A revolutionary new interventional cardiology system has made its debut on SA shores, and is scheduled for use in a surgical procedure at Netcare Union Hospital on 28 March.
Shockwave IVL is a novel system that delivers localised pulsatile sonic pressure waves, modifying calcified lesions in a safe and reproducible manner. The mechanism is leveraging electrohydraulic-generated lithotripsy to produce high-speed sonic pressure waves that pass through soft tissue to selectively disrupt calcium. The concept adopted is similar to urologic extracorporeal lithotripsy, but IVL differs by expressing a focal field effect with reduced energy. IVL is designed specifically for vascular applications with the technology producing unfocused energy that creates a localized effect within the vessel.
The Shockwave IVL system integrates angioplasty balloon catheter devices with the calcium disrupting power of sonic pressure waves known as lithotripsy. Each IVL catheter incorporates multiple emitters with the touch of a button after the balloon is inflated, the emitters produce therapeutic sonic pressure waves that are inherently tissue-selective. These pass through the balloon and soft vascular tissue-disrupting the calcified plaque inside the vessel wall and creating a series of micro-fractures. When the calcium has been modified, the vessel can be dilated using low pressures, thereby enabling even historically challenging patients to be treated effectively with minimal injury to the vessel.
Although the vast majority of coronary stenoses can be dilated with conventional balloon angioplasty, there are occasions where this is either impossible or unsafe. Most commonly, non-dilatable lesions are encountered in calcified vessels, very often in older patients.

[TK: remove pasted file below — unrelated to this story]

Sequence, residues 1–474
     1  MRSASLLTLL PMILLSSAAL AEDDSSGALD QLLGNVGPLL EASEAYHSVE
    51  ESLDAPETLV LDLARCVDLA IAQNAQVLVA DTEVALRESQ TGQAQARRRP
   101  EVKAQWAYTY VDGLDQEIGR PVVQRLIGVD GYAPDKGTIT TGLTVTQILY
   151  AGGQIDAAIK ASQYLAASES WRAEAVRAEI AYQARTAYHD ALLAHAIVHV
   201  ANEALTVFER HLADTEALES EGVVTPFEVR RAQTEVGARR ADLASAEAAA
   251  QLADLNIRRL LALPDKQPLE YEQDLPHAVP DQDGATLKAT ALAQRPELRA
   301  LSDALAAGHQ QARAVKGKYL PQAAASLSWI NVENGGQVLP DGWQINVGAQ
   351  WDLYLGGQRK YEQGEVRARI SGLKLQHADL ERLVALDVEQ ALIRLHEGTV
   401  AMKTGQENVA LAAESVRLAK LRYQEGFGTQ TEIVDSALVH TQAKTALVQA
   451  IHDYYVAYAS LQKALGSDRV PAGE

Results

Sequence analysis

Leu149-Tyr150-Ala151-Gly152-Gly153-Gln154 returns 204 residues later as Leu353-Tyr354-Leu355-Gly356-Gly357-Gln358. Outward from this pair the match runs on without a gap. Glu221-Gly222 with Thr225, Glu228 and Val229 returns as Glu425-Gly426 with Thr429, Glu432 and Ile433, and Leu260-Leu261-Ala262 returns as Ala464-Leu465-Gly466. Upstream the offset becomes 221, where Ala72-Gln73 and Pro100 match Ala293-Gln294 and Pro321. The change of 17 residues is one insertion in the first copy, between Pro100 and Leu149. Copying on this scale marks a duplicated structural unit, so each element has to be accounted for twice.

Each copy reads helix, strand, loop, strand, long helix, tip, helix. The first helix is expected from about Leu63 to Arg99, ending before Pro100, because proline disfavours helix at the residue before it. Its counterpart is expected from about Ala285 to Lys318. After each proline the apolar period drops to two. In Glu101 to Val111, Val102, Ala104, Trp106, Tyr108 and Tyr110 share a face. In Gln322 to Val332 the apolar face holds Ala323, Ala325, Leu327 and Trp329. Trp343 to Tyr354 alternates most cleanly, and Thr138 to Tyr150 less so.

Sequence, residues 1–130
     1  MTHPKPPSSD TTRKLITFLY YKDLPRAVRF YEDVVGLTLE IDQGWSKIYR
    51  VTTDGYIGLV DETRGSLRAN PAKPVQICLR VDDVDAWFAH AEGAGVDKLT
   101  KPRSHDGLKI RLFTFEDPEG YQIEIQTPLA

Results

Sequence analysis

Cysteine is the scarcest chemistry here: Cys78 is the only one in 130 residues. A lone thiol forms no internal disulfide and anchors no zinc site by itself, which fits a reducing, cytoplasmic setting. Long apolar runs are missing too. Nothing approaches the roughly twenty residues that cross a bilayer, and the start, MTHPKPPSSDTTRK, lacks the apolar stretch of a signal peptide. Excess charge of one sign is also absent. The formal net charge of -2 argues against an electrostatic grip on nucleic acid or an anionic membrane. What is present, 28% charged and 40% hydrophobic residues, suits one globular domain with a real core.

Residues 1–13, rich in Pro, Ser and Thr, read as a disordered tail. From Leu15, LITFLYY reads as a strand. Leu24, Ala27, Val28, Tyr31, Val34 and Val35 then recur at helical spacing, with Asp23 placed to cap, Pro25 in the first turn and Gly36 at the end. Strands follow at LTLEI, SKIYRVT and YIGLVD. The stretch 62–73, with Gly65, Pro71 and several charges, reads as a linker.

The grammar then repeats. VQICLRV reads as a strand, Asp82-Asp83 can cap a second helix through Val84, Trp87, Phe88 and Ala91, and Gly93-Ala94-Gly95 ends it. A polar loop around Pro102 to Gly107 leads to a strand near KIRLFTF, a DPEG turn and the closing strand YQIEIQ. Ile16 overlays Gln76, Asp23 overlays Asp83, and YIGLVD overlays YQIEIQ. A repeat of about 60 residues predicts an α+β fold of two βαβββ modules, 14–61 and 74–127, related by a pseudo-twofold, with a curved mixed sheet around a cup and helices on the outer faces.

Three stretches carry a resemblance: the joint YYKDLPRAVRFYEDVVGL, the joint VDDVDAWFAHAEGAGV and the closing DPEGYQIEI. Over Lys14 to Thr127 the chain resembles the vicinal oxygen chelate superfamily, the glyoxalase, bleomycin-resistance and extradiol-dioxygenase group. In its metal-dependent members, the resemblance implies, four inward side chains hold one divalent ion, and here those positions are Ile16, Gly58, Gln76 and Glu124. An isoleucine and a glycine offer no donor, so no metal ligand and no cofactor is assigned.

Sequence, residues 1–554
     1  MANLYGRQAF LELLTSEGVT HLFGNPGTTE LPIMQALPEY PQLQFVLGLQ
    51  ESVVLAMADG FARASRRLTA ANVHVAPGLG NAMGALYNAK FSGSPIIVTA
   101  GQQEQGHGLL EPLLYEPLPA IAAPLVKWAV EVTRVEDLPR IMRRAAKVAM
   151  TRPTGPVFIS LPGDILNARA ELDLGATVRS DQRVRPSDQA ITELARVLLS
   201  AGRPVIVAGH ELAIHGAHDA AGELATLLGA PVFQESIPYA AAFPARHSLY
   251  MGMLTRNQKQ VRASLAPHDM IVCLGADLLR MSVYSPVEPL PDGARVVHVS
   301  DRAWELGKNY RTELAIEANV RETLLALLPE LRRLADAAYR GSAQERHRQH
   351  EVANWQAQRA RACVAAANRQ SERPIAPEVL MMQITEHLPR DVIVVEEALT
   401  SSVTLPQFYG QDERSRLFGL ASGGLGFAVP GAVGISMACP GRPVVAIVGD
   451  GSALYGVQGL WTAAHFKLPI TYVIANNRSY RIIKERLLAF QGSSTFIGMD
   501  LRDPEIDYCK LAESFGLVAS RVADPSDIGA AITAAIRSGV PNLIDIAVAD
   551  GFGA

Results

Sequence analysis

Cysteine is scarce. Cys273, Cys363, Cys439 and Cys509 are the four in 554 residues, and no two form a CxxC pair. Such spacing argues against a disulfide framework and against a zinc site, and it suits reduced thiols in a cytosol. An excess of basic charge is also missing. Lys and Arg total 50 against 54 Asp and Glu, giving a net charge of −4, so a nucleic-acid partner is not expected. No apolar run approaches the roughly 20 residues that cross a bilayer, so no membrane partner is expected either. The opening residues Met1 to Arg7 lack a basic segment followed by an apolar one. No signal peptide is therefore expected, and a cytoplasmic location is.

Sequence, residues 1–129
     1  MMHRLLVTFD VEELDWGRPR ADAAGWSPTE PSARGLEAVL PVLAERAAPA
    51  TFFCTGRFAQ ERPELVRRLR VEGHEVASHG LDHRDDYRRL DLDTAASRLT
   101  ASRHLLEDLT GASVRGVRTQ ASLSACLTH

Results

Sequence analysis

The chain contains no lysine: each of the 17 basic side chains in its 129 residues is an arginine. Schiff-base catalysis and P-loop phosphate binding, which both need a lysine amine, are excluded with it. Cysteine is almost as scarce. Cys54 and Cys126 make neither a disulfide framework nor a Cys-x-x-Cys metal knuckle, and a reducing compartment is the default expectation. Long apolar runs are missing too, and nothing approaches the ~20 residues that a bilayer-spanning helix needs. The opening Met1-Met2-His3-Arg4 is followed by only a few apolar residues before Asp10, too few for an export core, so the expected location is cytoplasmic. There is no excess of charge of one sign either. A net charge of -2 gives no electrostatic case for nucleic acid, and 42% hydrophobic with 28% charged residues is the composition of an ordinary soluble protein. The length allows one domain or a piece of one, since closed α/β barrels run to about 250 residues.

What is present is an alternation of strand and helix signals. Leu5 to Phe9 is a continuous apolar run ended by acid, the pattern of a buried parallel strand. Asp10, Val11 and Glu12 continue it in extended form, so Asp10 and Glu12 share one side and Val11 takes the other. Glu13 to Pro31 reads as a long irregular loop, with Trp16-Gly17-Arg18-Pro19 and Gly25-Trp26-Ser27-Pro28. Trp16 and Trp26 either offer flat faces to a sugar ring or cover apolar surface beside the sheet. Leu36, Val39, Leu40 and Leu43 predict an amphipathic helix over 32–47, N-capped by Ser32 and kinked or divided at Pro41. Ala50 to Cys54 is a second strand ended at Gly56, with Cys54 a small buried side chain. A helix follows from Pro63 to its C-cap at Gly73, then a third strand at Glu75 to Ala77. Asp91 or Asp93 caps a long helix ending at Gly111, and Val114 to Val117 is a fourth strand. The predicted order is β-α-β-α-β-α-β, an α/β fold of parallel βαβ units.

Where such a lesion is encountered, sometimes unexpectedly, until now the risk of angioplasty and stenting has been significantly increased. Very high balloon pressures can be attempted, with the risk of balloon or vessel rupture. Cutting and scoring balloons can be attempted, but are often inadequate to reach the tight stenosis, or to dilate it effectively. For many lesions the only effective treatment until now has been rotational artherectomy, a complex mechanical technique available in a few facilities only (and used by few operators). Where stents are placed in inadequately prepared non dilatable lesions major complications can and do result.
IVL offers a widely applicable and safe solution to many calcified lesions. This makes some previously untreatable lesions treatable and makes many lesions more simply or easily and successfully treatable. Unlike rotational artherectomy, IVL can also be used to treat large lumen calcified vessels, where the size of a rotor burr may be inadequate to disrupt deep calcium.
The first case in South Africa using this ground-breaking technology is scheduled to take place at Netcare Union Hospital on the 28th March 2019.
Paragmed has signed an exclusive distribution contract with Shockwave Medical to bring intravascular lithotripsy to South Africa.